I am not going to get any benefit out of promoting this book, since I am not an affiliate selling the book (I should probably join though). So take my word for it. Get the book, sit down for one afternoon, and get financially educated.
Footnote: There is no particular reason why my typings have gotten so rotten (at least it looks so from my point of view). Perhaps if somebody would be kind enough to point out any blatantly obvious flaw, I would be really grateful. Thanks. I really had some tough time hammering this out on my keyboard (it is taking the brunt of my annoyance with the printer). Inspiration escapes me these days.
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I didn't go home when the rest of the battalion took off for the weekend.
Though I was officially not confined, I had a day-long bike orientation to driving on the WRONG (i.e. Right) side of the road on Saturday. Either I could book out at 7 pm and reach home around 9. Sleep early, wake up early, take an early train, and it's back to camp, or I could go on a crazed LAN session with a few others, and go back to camp to play the company's X-box, before collapsing into a similar heap, and end up with a splitting headache the next morning. Play was more than compelling enough to make up my mind.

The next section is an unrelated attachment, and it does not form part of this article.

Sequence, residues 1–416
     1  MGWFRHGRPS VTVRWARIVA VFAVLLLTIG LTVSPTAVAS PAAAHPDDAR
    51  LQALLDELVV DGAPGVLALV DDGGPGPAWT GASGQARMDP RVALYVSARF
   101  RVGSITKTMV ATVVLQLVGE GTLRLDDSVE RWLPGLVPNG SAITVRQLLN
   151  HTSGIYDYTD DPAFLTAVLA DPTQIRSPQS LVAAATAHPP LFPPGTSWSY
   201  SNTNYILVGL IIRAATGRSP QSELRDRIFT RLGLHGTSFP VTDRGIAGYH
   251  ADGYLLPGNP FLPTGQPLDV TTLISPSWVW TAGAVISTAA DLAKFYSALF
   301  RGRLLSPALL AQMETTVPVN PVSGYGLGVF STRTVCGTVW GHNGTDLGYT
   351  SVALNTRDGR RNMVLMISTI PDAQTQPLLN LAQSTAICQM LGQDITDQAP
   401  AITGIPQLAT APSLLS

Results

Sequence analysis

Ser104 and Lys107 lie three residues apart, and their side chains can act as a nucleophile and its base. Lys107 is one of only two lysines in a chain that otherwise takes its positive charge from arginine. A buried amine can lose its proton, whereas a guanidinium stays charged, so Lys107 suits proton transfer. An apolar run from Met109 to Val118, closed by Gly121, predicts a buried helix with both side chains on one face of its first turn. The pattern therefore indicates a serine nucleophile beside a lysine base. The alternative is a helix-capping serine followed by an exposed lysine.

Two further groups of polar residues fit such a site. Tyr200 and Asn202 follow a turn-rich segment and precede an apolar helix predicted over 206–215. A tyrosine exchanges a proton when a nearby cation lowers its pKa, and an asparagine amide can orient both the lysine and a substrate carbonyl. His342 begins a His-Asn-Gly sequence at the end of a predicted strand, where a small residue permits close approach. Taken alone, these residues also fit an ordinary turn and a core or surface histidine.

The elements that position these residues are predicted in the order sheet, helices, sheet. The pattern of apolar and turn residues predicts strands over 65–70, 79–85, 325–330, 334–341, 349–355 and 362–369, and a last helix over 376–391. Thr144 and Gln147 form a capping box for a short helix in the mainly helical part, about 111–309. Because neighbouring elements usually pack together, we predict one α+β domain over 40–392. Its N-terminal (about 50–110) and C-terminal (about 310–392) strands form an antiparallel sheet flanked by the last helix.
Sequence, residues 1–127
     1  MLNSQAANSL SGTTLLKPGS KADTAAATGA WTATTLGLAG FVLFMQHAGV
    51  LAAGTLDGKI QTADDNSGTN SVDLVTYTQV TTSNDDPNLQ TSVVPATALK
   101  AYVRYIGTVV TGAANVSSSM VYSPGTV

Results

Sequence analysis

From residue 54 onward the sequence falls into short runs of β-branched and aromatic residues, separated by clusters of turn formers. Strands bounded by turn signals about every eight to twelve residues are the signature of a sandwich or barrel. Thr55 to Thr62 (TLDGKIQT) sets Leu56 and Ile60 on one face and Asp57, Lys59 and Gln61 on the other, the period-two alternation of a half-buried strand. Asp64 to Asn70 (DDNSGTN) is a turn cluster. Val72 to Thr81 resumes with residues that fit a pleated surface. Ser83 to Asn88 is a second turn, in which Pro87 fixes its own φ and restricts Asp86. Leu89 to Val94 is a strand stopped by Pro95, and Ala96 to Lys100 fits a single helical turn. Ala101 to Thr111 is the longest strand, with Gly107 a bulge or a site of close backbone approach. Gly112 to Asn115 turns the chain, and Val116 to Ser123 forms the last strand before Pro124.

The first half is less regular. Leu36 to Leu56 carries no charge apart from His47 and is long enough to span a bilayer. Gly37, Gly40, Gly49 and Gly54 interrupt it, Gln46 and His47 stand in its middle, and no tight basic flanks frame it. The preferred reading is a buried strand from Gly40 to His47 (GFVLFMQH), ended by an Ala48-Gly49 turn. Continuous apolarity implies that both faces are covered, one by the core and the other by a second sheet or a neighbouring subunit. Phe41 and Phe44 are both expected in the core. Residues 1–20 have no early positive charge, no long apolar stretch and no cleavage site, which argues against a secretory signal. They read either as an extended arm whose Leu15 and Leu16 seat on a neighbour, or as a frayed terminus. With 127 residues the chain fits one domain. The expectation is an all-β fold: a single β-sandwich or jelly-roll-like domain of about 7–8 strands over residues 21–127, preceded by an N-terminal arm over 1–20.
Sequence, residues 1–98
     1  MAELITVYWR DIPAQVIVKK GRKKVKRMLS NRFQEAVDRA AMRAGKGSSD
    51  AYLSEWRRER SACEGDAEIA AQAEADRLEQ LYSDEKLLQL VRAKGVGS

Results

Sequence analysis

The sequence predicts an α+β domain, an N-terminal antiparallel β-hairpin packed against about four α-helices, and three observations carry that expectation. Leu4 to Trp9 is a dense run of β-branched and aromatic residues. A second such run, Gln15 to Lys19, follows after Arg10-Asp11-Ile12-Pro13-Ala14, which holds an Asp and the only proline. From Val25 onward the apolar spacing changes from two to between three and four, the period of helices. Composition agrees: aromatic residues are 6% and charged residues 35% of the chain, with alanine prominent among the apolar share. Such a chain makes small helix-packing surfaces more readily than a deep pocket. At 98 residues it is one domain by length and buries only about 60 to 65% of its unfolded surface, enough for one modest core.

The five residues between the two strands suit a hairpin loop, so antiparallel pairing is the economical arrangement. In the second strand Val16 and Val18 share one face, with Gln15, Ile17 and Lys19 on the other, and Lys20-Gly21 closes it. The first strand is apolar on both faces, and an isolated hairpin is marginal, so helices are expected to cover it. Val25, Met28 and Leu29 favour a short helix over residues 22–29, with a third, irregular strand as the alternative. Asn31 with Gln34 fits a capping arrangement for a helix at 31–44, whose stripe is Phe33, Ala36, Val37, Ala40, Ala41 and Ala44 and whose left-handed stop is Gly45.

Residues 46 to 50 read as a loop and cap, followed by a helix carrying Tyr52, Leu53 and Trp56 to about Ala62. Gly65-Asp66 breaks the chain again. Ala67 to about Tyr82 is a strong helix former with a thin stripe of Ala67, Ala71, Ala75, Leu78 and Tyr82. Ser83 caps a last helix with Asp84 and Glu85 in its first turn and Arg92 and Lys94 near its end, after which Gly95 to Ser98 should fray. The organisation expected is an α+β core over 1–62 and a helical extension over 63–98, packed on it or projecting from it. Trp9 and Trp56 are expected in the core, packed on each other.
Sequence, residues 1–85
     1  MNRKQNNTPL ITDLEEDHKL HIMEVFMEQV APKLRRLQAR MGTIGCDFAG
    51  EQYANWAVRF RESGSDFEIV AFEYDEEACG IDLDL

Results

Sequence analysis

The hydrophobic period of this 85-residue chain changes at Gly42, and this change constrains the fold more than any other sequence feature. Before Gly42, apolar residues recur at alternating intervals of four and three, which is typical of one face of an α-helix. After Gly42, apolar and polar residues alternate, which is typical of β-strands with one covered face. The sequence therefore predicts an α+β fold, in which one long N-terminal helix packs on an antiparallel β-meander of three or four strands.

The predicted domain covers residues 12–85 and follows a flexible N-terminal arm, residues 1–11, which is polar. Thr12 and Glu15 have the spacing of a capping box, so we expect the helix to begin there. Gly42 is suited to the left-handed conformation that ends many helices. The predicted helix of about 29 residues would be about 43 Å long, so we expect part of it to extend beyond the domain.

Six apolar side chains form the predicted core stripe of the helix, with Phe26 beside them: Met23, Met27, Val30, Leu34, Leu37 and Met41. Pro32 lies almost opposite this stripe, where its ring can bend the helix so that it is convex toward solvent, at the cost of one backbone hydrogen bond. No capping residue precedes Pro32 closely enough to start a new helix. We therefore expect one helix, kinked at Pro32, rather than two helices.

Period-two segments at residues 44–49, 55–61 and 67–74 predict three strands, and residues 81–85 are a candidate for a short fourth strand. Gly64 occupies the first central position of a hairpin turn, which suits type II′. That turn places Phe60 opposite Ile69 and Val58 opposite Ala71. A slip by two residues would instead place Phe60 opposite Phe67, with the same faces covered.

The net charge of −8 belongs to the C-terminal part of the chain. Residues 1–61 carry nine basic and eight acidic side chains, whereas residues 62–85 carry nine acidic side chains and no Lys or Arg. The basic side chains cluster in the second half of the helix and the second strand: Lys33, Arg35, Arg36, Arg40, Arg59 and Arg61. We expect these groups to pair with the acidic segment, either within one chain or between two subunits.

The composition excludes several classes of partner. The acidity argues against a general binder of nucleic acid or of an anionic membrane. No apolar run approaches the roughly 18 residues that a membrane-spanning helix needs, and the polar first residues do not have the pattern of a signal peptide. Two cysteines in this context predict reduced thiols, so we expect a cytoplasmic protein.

And it turned out totally different from what I expected. I didn't touch the X-box, though the others who stayed behind were deeply immersed into "Winning Eleven". I was curious about "The Cashflow Quadrant", another book in the Rich Dad Poor Dad series. Financial intelligence is a remote, if not a completely alien topic to me. So far, the furthest I have stretched my mind upon this topic is when a broker-sponsored television series on investment aired. I knew that it wasn't what I wanted. $1,000 in seed money was something I had been unwilling to put up, so that stray thought on investment stayed at that: pure speculation.
Things moseyed along until I spotted a bunkmate reading "The Cashflow Quadrant". Having lent him the predecessor, I was rather tempted to find out just how much more this Japanese author had to offer, and I borrowed it for one weekend. Speeding through this book, I realised insights into the breadth of the financial world.
Robert exemplifies the predator-prey relationship (though these were not his actual terms) where people pay to take a risk in a piece of land, while the bank happily sits upon the loan agreement, secure in profiteering from the extreme interest rates due to it. Neither is it ever worried about payment lapses: they can simply foreclose the property and sell it again to another sucker.